Aquaponics and Sunlight

Stress is a big killer of fish. This barramundi grown in aquaponics has a fine slime coating preventing bacterial infections.

Recently a friend was telling me about how difficult it was to grown strawberries in his aquaponics system. He didn’t have any success in growing them and was wondering if he was doing something wrong or indeed, if this aquaponics thing was over-hyped?

He didn’t have a green thumb he said, because certain other plants in his system weren’t doing too well either.

Closer investigation revealed that the fish were not happy and some had even died. Some of the surviving fish had bacterial infections on their sides and looked distressed.

An aquaponics forum had suggested that he add salt into the system to rejuvenate the fish. This worked to a certain extent but his fish were still progressively dieing and the salt level was affecting salt-sensitive plants like strawberries.

We noticed that the site where his aquaponics system was erected was placed in a poor location. Sited under balcony eaves, it hardly got any sunshine throughout the day so the plants looked weak and spindly. Not robust and healthy as they should.

No matter how good an aquaponics system is designed and built, it still must adhere to some basic principles of growing food.

Strawberries grow well in aquaponics but don’t like salt in the system.

It must be sited in a sunny location that has around 6 hours of sunshine per day. If you run an indoor system then you must use grow lights to enable the plants to grow. We regularly clip a tall hedge plant that threatens to block the sunshine from falling on one of our grow-beds. Keeping the sun shining on your growbeds makes a big difference.

Monitor your sunlight and watch where the shadows strike in the morning and afternoon. Are there any overhanging trees or branches that should be trimmed? If you are fortunate to have a nice sunny spot near your house then that is the ideal location to site your system.

It seems like common sense but there are a growing number of people who place too much reliance on the “miracle” of aquaponics to solve basic plant requirement issues and fail to understand the basics principals of normal gardening. Don’t let the technology fool you. People too often get swept away talking about pumps and plumbing and forget that the system is basically using nature to do all the heavy work.

So back to the friend with a poor system and why his strawberries and fish weren’t happy. He had setup a system in a bad location and then compounded his problems by stressing his fish! Everyone who came to his house was treated to a look at his struggling fish. Out they came in the net to be viewed.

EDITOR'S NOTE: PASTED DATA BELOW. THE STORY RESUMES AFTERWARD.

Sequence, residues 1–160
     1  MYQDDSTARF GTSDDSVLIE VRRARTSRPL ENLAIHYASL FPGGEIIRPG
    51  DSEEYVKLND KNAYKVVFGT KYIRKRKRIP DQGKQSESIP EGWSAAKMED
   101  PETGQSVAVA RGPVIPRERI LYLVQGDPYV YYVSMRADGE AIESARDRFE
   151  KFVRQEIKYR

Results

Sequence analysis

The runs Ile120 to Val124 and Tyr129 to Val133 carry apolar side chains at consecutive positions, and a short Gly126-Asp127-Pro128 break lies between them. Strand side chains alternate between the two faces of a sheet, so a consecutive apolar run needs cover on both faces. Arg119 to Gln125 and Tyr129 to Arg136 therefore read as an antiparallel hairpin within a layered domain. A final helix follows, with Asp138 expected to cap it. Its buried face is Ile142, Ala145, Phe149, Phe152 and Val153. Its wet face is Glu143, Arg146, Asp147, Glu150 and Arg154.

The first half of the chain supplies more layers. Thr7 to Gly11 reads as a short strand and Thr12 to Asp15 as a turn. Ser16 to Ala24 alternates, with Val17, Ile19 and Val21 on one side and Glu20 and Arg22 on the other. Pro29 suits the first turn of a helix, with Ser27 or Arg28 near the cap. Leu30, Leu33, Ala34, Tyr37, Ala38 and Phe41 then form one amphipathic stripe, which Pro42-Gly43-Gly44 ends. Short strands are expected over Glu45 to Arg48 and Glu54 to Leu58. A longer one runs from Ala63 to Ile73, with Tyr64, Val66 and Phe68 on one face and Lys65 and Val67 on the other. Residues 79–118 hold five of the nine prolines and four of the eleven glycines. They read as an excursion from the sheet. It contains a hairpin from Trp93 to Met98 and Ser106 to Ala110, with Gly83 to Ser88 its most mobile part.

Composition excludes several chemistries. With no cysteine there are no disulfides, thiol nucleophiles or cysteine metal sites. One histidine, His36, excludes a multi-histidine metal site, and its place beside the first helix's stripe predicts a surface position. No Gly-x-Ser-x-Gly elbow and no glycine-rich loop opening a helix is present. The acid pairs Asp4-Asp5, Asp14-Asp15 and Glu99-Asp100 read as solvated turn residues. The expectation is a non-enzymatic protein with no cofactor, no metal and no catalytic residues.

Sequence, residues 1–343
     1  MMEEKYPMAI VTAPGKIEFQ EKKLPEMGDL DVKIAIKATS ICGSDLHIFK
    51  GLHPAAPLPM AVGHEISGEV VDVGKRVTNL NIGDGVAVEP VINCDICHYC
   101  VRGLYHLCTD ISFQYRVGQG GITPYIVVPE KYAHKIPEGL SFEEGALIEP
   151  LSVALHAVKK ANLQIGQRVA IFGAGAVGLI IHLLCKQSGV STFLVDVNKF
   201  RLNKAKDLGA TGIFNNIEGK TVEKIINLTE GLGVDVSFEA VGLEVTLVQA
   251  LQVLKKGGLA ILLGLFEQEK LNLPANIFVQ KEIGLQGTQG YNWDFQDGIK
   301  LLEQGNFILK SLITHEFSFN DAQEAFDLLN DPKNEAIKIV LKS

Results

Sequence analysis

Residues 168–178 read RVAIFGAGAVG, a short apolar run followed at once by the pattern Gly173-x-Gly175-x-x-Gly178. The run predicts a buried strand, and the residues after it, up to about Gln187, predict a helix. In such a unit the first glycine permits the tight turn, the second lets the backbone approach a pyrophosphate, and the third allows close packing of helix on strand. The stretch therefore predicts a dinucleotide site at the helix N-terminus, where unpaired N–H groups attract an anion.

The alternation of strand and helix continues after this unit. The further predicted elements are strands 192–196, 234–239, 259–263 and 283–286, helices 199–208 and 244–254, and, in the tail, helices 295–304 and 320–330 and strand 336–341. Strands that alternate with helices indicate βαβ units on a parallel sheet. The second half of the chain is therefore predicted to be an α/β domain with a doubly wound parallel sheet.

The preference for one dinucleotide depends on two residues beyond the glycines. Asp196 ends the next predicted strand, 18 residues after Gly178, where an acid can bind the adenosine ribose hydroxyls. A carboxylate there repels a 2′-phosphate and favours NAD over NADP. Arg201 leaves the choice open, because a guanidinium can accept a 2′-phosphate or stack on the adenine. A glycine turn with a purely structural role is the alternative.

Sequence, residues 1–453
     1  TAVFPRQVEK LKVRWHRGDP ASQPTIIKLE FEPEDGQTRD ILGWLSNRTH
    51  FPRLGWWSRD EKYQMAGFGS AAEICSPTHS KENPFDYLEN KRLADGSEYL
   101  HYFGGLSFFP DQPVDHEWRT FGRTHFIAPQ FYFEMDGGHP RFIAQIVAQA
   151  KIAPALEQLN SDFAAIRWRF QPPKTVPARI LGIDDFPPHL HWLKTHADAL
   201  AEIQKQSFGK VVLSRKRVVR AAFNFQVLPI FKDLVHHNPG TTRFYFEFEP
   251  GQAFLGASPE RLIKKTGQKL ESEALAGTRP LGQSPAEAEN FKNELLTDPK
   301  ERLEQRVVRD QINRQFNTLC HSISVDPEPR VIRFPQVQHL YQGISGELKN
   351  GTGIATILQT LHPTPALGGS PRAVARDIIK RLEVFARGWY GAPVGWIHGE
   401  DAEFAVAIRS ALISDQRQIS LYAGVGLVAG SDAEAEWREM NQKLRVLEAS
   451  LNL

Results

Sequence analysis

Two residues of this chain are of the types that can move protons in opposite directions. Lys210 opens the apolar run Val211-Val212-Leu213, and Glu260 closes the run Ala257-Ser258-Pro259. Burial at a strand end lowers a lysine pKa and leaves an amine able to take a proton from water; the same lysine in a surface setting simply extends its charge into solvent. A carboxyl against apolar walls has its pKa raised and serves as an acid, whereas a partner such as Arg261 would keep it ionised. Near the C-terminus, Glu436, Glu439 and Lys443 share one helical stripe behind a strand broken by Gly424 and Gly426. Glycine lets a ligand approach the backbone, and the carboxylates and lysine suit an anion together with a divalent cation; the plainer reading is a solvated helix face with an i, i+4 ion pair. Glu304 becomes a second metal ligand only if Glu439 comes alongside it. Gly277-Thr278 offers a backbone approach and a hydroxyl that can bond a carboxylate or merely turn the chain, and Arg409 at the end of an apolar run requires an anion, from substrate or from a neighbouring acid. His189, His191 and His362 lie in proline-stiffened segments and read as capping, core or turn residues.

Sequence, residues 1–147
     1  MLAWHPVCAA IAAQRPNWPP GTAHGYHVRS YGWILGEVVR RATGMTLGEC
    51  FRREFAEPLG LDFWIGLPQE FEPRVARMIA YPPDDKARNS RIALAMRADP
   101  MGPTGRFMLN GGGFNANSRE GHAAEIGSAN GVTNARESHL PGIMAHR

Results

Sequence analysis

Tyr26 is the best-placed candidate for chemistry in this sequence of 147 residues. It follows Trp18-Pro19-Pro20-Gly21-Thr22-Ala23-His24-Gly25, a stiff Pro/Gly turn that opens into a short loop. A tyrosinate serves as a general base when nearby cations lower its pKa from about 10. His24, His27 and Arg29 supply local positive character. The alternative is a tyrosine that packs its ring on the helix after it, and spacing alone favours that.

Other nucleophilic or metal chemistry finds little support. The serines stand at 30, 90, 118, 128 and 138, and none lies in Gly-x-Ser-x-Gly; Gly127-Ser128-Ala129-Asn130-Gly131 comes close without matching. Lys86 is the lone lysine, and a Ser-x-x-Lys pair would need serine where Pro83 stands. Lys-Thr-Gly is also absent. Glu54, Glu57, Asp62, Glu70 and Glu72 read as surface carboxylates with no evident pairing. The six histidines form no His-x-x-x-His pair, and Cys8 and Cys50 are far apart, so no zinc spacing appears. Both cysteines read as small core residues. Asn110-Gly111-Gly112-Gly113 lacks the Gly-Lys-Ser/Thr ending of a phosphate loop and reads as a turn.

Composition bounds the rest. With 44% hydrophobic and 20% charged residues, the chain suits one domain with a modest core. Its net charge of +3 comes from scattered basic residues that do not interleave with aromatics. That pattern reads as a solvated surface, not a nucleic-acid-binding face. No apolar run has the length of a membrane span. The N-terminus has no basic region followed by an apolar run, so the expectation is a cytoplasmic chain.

Inevitably their natural slime coating was disturbed. Fish have a slippery slime coating that covers their scales and skin.

The slime coating acts as a defensive barrier to protect against nasty bacteria, fungal pathogens and parasites.

The constant stress of netting the fish aggravated the situation. Fins were caught in the netting and sometimes the slippery fish were dropped and injured as they flipped on the ground.

Stress is one of the biggest killers of fish. Don’t aggravate your fish with unnecessary handling. Adding salt as a tonic to the system up to 3ppt or three kilos of salt per 1000 litres of water can help the fish recover but it also compounds the situation with growing salt sensitive plants like strawberries.

The simple rule of thumb is site your system in a sunny location. Don’t stress the fish. Have an adequate number of fish to provide the nutrients to keep the plants well fed. Add a little maxicrop or seaweed concentrate extract to provide additional nutrients not found in normal fish feed pellets.

A heavily planted aquaponics system in full sunlight should have plants leaping out of the system.

Occasionally if you notice your plants looking a little yellow and not that rich vibrant green. Adding a little chelated iron will strengthen their colour and eliminate any plant weakness. Chelated iron is a soluble power that enables plants to take up the iron through their root system. Keeping your pH at around 6.8 will mean the plant can take up nutrients at an optimal rate and develop at their peak capacity. Throwing a rusty horse-shoe into the system doesn’t work as an iron substitute. We have tried it!

One or two teaspoons of chelated iron added every few months is more than enough to keep your plants healthy and happy. We rarely have issues with our fish and leave them alone to grow and develop normally and they reward us with providing lots of nutrients for the plants to take up. In fact the less interaction you have with the fish, the better.

By changing the location of his system and placing it in a sunny spot in the garden, our friend was able to eliminate potential problems from compounding. He also maximized both his fish health and plant growth.